One of the most important operating parameters for the operation and the design of biofilters is the headloss due to clogging of the system leading to a semi-continuous operation with filtration cycles and backwashes. Some basic aspects of the filtration operation have been studied. The work consists in understanding and modelling the clogging phenomena due to the suspended solids retention, and validating the simulation results by calibration with experimental and full-scale results.
Tracer experiments allowed us to simplify the hydrodynamics within the Biofilters into a plug-flow reactor with axial diffusion. Mass balances for the suspended solids have been therefore written accordingly, including solids retention represented as a mass transfer from the liquid to the solid phase. This affects the porosity of the system, leading on one hand to a modification of the filtration coefficient (responsible for the transfer of SS from liquid to “solid” phase) and on the other hand to an increased clogging measured by the headloss in the system.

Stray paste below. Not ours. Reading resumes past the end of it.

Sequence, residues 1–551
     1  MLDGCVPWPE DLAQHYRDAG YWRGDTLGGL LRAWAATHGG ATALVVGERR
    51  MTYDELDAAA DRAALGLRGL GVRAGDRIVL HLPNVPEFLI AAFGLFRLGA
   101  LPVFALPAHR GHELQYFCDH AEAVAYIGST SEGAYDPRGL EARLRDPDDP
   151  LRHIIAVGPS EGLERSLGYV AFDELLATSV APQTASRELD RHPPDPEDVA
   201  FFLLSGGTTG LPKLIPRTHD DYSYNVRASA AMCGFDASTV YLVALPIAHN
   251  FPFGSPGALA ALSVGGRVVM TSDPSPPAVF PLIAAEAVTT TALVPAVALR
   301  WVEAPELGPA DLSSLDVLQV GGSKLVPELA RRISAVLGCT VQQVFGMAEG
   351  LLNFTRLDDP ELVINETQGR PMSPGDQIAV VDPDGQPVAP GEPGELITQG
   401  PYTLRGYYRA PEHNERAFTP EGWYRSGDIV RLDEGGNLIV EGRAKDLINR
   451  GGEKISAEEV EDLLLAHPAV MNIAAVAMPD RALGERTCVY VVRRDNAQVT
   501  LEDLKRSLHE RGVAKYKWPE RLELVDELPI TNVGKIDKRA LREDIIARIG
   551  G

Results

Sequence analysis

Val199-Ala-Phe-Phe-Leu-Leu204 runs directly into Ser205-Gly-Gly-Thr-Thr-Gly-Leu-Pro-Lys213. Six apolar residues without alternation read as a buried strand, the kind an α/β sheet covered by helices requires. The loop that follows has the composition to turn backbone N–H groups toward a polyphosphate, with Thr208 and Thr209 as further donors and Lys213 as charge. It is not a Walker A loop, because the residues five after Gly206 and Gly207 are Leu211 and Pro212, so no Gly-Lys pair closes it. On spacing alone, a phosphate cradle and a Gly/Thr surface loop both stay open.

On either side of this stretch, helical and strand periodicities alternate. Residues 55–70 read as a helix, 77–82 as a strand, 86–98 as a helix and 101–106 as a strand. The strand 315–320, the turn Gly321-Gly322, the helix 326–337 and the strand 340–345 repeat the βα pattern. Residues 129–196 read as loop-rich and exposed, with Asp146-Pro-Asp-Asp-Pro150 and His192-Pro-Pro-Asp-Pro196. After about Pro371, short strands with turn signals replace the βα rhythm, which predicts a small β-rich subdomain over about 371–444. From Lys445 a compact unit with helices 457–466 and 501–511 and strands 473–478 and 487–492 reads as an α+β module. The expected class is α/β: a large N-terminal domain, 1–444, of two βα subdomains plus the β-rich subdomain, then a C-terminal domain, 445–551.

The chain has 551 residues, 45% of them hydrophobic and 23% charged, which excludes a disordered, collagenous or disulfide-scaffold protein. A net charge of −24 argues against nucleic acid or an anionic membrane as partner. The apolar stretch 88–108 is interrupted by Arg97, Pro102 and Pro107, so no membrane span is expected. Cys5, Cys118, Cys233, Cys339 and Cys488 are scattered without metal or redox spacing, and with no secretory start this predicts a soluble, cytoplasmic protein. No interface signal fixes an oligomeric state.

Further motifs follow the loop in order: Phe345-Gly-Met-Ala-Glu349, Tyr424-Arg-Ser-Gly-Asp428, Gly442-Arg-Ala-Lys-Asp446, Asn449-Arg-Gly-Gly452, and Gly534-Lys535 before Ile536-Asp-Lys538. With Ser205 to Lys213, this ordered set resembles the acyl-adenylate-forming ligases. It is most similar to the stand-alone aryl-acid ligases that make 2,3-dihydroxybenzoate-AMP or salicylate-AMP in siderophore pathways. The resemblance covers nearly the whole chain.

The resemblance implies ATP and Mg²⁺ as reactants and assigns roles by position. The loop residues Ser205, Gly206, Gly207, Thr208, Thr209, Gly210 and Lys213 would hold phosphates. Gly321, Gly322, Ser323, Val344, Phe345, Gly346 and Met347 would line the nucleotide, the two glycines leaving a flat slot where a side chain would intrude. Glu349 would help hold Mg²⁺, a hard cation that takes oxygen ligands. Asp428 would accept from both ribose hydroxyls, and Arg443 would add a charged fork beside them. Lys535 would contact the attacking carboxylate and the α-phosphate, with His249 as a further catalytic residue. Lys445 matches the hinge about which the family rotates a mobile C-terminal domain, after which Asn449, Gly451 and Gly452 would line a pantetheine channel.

The Kozeny-Carman equation could successfully be used and a linear relationship between the filter coefficient and the water porosity could be validated. Experimental work has been conducted to calibrate the model and in this paper validations from pilot scale unit to full-scale plant are shown.